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AstroAlert: Katherine Johnson, NASA mathematician who broke barriers, has died

Hi everyone,
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Sad news: Pioneering NASA mathematician Katherine Johnson died today at the age of 101.
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Born in West Virginia in 1918, Johnson was fascinated by numbers as a little girl. “I counted everything,” she said. “I counted the steps to the road, the steps up to church, the number of dishes and silverware I washed … anything that could be counted, I did.”
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A gifted student and mathematical prodigy, she graduated from high school at age 14 and from college at 18.
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After teaching for years, she became one of the first African-American women to land a job with what would eventually become NASA. There, she and other human “computers,” as they were called in those days, performing complex calculations using slide rules or mechanical devices.
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Katherine Johnson working at NASA in 1962

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The mathematical equations that Johnson developed were crucial for the success of NASA’s space program. She became the first woman to author a technical report for the agency, titled Determination of Azimuth Angle at Burnout for Placing a Satellite Over a Selected Earth Position. 
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Johnson’s many accomplishments included calculating the trajectory for Alan Shepard’s historic flight when he became the first American in space, and again later for the Apollo 11 flight to the Moon. She also computed the precise moment that the Apollo lunar lander would need to leave the Moon’s surface to return to the orbiting command module.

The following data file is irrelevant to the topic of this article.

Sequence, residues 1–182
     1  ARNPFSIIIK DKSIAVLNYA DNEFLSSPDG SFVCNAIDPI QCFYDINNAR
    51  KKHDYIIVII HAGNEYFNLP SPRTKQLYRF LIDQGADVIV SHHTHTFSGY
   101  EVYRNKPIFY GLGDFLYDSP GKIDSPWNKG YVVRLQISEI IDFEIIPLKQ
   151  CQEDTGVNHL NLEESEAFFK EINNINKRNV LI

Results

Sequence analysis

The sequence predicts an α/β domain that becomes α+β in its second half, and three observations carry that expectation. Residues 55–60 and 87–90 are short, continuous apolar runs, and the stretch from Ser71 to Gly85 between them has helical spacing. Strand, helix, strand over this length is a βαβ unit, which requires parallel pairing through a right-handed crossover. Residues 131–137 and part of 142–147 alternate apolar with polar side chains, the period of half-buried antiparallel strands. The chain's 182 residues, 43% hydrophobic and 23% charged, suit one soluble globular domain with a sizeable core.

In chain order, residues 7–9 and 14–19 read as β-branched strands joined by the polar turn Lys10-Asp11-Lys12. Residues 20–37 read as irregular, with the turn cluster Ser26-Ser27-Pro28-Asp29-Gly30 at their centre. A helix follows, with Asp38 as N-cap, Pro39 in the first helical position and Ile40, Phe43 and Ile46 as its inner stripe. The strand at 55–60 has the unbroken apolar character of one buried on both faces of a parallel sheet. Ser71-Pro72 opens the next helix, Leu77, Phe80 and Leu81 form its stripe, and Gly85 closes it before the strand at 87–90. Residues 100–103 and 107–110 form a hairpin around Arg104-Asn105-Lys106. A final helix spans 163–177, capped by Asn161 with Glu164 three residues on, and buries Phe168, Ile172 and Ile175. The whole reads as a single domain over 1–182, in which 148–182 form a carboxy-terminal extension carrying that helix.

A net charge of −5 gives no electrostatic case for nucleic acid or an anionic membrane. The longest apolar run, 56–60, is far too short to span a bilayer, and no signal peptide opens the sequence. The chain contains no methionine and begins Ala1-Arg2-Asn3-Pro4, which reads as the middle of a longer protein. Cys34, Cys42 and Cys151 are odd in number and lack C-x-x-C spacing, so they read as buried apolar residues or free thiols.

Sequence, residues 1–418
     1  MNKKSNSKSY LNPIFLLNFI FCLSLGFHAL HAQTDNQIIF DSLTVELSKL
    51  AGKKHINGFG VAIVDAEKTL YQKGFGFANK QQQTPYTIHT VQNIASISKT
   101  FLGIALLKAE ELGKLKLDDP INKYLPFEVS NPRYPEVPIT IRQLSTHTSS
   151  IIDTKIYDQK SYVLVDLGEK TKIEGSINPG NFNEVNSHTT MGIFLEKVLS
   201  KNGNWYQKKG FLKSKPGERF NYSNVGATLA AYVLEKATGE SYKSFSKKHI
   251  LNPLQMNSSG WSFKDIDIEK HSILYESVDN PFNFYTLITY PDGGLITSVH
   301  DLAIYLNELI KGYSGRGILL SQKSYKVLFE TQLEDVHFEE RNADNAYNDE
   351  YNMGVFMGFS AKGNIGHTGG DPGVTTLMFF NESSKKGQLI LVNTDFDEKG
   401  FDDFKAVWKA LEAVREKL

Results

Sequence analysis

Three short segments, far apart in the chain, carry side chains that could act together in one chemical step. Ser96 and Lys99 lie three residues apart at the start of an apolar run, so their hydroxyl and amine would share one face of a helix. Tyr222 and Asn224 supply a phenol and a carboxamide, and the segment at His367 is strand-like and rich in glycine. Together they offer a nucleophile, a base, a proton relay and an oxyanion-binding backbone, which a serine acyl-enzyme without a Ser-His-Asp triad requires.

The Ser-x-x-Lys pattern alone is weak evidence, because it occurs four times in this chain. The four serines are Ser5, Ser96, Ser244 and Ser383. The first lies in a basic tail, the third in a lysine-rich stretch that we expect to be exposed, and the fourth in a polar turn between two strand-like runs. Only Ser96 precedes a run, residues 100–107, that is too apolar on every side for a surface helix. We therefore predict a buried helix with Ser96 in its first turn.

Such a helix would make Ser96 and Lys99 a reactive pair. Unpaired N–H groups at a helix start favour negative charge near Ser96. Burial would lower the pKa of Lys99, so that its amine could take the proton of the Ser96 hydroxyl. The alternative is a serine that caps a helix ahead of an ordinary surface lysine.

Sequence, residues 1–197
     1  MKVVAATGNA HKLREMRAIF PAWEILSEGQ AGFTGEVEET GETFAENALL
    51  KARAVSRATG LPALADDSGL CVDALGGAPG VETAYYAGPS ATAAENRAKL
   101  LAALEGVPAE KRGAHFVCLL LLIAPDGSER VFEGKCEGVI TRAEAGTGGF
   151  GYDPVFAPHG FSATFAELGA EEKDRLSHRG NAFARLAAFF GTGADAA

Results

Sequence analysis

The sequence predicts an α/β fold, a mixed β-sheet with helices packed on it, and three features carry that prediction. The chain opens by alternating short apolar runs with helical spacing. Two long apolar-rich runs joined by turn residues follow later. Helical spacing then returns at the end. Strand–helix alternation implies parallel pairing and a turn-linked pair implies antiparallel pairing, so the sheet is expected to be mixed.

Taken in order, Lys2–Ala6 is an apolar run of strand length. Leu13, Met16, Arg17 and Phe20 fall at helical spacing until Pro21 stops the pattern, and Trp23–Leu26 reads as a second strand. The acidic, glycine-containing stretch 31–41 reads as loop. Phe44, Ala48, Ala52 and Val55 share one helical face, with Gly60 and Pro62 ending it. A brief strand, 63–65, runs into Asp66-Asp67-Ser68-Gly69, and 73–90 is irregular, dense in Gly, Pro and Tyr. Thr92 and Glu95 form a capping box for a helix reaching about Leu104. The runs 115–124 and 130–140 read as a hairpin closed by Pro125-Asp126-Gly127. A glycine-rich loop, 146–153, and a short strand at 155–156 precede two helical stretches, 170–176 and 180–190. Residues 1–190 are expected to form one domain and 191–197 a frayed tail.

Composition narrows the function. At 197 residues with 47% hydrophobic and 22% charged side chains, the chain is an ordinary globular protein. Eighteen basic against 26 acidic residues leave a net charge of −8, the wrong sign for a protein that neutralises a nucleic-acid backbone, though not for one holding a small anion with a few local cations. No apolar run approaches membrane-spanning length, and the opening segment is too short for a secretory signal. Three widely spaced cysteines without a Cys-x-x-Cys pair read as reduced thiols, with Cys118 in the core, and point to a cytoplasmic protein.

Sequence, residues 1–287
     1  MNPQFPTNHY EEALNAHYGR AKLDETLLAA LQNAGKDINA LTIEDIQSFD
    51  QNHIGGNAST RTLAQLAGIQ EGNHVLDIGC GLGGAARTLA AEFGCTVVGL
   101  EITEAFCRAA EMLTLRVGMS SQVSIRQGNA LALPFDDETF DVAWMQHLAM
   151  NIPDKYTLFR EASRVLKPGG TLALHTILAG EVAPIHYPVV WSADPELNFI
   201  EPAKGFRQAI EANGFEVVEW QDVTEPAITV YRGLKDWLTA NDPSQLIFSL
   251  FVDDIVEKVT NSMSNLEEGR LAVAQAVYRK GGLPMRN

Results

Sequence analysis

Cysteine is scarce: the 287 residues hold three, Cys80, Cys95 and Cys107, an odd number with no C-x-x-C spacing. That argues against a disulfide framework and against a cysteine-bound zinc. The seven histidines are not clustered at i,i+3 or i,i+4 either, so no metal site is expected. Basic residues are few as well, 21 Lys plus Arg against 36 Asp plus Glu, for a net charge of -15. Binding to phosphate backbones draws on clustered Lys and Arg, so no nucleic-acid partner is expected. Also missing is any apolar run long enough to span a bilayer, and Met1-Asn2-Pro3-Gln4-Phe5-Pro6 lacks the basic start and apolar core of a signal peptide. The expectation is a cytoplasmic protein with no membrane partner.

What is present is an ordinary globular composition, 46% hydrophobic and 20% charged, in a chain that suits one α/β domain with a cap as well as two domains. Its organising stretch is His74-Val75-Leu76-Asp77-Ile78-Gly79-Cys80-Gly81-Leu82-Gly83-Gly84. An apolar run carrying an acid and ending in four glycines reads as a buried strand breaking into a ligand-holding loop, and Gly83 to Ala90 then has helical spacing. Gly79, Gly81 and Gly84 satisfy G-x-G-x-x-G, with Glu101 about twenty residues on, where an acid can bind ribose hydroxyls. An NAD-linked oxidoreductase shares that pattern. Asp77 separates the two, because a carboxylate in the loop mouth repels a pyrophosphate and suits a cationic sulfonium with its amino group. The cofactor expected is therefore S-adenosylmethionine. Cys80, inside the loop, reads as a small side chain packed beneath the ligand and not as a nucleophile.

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So renowned were her mathematical skills that when astronaut John Glenn orbited the Earth in 1962, he refused to go until Johnson verified the calculations made by NASA’s fancy new electronic computers.
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Yet perhaps even more importantly, Johnson served as a role model and inspiration for countless others who followed the trail she blazed. In 2015, President Barack Obama awarded Johnson the Presidential Medal of Freedom, the nations’s highest civilian honor.
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Katherine Johnson receiving the Presidential Medal of Freedom in 2015.

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Her life was depicted in the 2016 Oscar-nominated film, Hidden Figures.
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If you’d like to know more about the life of Katherine Johnson, just click on any of the links below:
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Best regards,

Michael
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Dr. Michael West is Lowell Observatory’s Deputy Director for Science. Follow his AstroAlerts to receive breaking news stories from the world of astronomy, odd bits of astronomical lore, and information about upcoming astronomical events. You can reach him at mwest@lowell.edu or follow him on Twitter @curatedcosmos.
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